Thank you, Mr President.
We thank the US for hosting today’s debate and the briefers for their presentations. Estonia aligns itself with the statement made by the European Union.
Protection of civilians is an essential part of the Council’s agenda. With an overwhelming majority of harm caused by conflicts borne by civilians, we cannot address the maintenance of international peace and security without a strong focus on their protection in every conflict.
The Secretary-General’s report, yet again, reflects an enormous gap between the parties’ obligations under international law and the reality in situations of conflict around the world. Estonia reiterates its call for compliance with international law, including international human rights law and international humanitarian law. We underline that the existing international law also applies in cyber space.
With tens of thousands of civilians in need of assistance, we find the consistent and increasing attacks against those who strive to help them – humanitarian and healthcare workers – abhorrent. Hundreds of health-care workers killed and facilities damaged in 2021 – a number which will increase exponentially this year due to the attacks conducted systematically and ruthlessly by Russia in Ukraine. Scores of humanitarian workers killed, wounded or kidnapped, 95% of them national staff – most notably in Ethiopia, Afghanistan, and Syria. The civilian toll continues to include dozens of killed and injured journalists, whose work adds to the information and awareness of the impact of conflict.
We welcome the focus of today’s debate on ways to ensure better humanitarian access. We note with concern the various emerging challenges outlined by the Secretary-General, including restrictions on the activities of female humanitarian personnel who are essential in reaching those most vulnerable; the fragmentation of armed groups; and difficulties for humanitarian engagement as a result of the growing number of private military and security contractors, including in CAR. We also note the increasing risk borne by local humanitarian workers due to the increased risks associated with humanitarian operations.
Denial of humanitarian access is a violation of international law. Increased and consistent Council scrutiny, enhanced data collection, monitoring and reporting, and ensuring accountability for violations are key tools to counter the obstacles to humanitarian access. Estonia underlines and continues to focus on the contribution of digital technologies to identifying and assessing humanitarian needs. However, we take note of the SG’s emphasis on the need to adopt strategies to address their malicious use undermining humanitarian action.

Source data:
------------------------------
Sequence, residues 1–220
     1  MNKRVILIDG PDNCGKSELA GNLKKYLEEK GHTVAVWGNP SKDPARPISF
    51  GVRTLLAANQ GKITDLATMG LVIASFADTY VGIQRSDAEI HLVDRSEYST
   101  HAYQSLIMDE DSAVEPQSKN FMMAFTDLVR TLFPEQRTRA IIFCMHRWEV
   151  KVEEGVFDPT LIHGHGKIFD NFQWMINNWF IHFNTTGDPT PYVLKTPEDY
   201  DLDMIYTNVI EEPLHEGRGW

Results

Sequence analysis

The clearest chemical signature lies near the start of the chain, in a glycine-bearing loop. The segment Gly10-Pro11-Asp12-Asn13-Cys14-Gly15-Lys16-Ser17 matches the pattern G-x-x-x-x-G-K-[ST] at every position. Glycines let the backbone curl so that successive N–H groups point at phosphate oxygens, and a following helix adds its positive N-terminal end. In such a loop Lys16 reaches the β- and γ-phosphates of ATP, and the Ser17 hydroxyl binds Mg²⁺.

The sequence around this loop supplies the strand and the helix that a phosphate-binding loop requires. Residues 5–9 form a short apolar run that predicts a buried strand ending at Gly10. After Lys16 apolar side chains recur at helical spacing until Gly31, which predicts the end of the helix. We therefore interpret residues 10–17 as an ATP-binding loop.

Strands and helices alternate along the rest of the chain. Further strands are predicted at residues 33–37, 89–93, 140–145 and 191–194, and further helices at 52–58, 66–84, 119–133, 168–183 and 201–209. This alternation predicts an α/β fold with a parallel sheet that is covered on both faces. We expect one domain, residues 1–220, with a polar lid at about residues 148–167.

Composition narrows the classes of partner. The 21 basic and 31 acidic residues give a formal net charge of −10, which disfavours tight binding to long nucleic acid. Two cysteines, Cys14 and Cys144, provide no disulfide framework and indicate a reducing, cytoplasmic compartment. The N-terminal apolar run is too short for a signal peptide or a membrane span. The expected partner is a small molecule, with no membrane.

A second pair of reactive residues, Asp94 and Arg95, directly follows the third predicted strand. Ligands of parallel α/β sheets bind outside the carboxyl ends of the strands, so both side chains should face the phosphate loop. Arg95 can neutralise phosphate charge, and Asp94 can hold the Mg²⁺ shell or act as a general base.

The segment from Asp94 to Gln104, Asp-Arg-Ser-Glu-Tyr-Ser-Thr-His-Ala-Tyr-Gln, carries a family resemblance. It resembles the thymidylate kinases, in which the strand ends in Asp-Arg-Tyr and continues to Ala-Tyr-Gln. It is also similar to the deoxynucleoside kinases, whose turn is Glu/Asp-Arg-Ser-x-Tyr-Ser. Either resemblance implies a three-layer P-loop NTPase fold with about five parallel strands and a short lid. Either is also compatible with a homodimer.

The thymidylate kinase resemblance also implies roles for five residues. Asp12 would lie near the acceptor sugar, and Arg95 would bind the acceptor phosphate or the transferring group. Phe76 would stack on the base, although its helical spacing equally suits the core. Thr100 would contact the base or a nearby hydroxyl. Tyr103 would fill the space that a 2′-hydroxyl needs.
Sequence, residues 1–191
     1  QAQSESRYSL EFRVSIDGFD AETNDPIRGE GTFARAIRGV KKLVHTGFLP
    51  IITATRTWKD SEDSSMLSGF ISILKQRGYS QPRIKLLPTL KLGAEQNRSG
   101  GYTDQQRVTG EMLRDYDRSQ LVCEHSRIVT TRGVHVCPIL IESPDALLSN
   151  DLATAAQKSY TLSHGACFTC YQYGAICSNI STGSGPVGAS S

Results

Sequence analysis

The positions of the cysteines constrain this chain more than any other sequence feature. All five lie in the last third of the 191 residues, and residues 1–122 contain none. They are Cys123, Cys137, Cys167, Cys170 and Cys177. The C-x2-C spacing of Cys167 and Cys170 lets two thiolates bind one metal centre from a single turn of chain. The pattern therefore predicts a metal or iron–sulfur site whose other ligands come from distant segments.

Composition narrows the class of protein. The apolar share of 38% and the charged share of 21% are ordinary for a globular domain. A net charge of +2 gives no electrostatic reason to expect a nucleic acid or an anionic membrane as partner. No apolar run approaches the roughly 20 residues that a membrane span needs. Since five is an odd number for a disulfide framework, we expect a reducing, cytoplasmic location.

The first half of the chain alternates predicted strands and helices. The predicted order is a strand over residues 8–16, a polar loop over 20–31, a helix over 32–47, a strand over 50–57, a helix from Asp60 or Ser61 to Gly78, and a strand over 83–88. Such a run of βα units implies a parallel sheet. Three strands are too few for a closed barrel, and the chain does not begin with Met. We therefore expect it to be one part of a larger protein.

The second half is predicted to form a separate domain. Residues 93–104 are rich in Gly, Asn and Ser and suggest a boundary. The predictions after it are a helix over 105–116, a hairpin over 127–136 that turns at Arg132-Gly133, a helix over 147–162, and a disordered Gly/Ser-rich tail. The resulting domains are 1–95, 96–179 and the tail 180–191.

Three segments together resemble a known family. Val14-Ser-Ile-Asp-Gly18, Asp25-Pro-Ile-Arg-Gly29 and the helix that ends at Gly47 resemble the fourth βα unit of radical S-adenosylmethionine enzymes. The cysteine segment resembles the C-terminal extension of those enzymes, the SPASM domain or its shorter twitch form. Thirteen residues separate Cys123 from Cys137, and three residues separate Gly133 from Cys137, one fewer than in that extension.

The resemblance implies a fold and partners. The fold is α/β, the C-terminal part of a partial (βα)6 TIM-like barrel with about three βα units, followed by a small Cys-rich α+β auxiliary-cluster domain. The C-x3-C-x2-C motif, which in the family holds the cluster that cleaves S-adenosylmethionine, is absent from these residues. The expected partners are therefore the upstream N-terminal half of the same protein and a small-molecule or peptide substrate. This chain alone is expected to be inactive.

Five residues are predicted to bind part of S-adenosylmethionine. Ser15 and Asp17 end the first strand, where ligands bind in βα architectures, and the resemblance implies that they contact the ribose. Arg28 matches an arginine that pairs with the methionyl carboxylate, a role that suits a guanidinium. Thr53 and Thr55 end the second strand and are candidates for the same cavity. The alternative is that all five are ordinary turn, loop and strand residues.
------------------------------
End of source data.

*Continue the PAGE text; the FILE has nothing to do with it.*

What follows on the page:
The Russian aggression against Ukraine has been carried out with cynical indifference towards the protection of civilians. It has been characterised by violations of international law, amounting to war crimes and crimes against humanity; targeted systematic violence against the most vulnerable, including women and children; and extensive shelling and sieges of living cities. It has led to millions being displaced; thousands deported, disappeared, tortured or subjected to sexual violence. It has also been characterised by massive disinformation, also here at the Council, about the Russian actions towards the civilians in Ukraine and their inhuman intent, as well as cynical and surreal attempts by Russia to claim that its actions fit under international law.
Estonia has continued to emphasise the importance of accountability for all violations of international law through national, regional, international and hybrid mechanisms. This includes the investigation and full accountability for the Russian crimes in Ukraine. We commend the tireless efforts of the humanitarian organisations, in particular local organisations as well as the UN and ICRC in working to ensure humanitarian access and deliver assistance to the people in dire need. We underline the need for safe and unhindered humanitarian access throughout Ukraine.
The Security Council needs to step up its action to protect civilians everywhere, including through showing political will and providing adequate protection capacity for its peacekeeping and political missions. Otherwise it continues to fall short of the aims set for its role in the UN Charter.